Snapchat just took the next logical — and very big — step in a months-long process of becoming a "grown-up" social media site when it announced that it would open its platform to select third-party advertisers and ad-tech companies for the first time.
It’s a transformative move for the young mobile-video giant. But it’s also important for the rest of the digital-content industry, brands and their ad-tech partners.
A much broader Snapchat is opening to the entire digital-advertising industry, at a time when Facebook is pulling back operations within its very large walled garden.
It likely is the first stage of a much broader Snapchat opening to the entire digital-advertising industry, at a time when Facebook is pulling back operations within its very large walled garden. Snapchat and, to a lesser extent, Twitter are providing brands and publishers options that Facebook no longer wants to make available.
EMarketer projects that Snapchat will surpass Twitter and Pinterest in size this year, though it won’t catch Facebook’s Messenger app, headed to a nine-figure user base by 2020.
Facebook also has two other of the five biggest mobile apps (Instagram and WhatsApp), and recently moved to control most aspects of the ad stack, shutting FBX and most of LiveRail, essentially preventing third-party companies from participating in programmatic there.
Facebook and its apps aren’t going anywhere. But given Facebook’s recent approach, both Snapchat and Twitter are creating much-needed alternatives. They’re opening their platforms to third-party providers such as TubeMogul, making programmatic an option for at least some outsiders, even as Facebook makes it more difficult.
Snapchat is giving marketers, publishers and digital influencers a chance to make money on a platform not owned by Facebook or Google.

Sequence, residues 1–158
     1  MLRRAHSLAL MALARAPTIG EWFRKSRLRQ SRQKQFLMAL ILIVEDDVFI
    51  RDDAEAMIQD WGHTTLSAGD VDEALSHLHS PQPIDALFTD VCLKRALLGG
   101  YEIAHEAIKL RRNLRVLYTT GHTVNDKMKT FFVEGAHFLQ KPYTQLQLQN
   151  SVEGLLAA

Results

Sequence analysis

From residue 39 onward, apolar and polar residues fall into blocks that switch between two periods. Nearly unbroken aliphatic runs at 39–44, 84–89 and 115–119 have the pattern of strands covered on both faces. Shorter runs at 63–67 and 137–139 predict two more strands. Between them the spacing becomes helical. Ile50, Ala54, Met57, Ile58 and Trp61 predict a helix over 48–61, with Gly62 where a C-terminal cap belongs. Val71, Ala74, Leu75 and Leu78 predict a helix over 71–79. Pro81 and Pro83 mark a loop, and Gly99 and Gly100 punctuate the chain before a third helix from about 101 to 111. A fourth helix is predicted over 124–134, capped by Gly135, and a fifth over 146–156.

If you don’t think that matters, consider Facebook’s recent decision to push livestreaming. That major shift in the News Feed algorithm came at a significant cost for brands and publishers posting other kinds of content. Analytics firms estimate that engagement for non-video content from big publishers dropped more than 30 percent. Brands and publishers literally can’t afford to be completely at the mercy of the next Facebook priority shift.
Snapchat is moving carefully with these announcements, trying to ensure it doesn’t alienate audiences with ads woven into their video feeds. But make no mistake: Snapchat is giving marketers, publishers and digital influencers a chance to make money on a platform not owned by Facebook or Google.
Snapchat is building an independent platform for the long haul, generating a broader array of ad revenue and creating a new ecosystem that can benefit everyone, especially those who don’t want to depend solely on the two giants as internet usage evolves toward mobile and video. Snapchat’s (and Twitter’s) move will further drive ad dollars into the mobile video space and, importantly, offer their partners a different way to get those ads to audiences.
Regardless of whether any particular third-party ad-tech company or creator is part of Snapchat’s initial announcement, in the long term, we all win with more options.
I expect that as Snapchat has more time, experience and comfort with online advertising, the company will further open up its partner lists, and further grow what should become a giant ad-backed platform for digital video. Then we can all benefit more directly. In the meantime, at least we’re heading in a promising new direction.
Frank Sinton is the CEO of Beachfront Media, a video supply platform that empowers publishers with holistic video distribution and video SSP technology stack. Previously, he worked for Sony Pictures Entertainment as executive director of architecture. Reach him @fsinton.
This article originally appeared on Recode.net.